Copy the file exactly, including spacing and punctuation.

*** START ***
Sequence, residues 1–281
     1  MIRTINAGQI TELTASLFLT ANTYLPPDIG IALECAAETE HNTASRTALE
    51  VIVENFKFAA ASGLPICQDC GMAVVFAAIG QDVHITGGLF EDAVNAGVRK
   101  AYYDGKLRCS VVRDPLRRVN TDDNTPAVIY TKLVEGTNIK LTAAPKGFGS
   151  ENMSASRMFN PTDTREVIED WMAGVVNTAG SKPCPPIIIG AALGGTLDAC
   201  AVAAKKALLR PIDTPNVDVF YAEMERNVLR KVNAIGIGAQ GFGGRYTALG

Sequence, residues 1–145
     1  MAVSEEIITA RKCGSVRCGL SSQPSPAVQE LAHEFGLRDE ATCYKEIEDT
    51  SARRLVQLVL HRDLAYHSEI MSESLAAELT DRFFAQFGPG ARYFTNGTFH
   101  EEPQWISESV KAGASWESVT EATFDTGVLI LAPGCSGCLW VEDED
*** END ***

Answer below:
Sequence, residues 1–281
     1  MIRTINAGQI TELTASLFLT ANTYLPPDIG IALECAAETE HNTASRTALE
    51  VIVENFKFAA ASGLPICQDC GMAVVFAAIG QDVHITGGLF EDAVNAGVRK
   101  AYYDGKLRCS VVRDPLRRVN TDDNTPAVIY TKLVEGTNIK LTAAPKGFGS
   151  ENMSASRMFN PTDTREVIED WMAGVVNTAG SKPCPPIIIG AALGGTLDAC
   201  AVAAKKALLR PIDTPNVDVF YAEMERNVLR KVNAIGIGAQ GFGGRYTALG

Sequence, residues 1–145
     1  MAVSEEIITA RKCGSVRCGL SSQPSPAVQE LAHEFGLRDE ATCYKEIEDT
    51  SARRLVQLVL HRDLAYHSEI MSESLAAELT DRFFAQFGPG ARYFTNGTFH
   101  EEPQWISESV KAGASWESVT EATFDTGVLI LAPGCSGCLW VEDED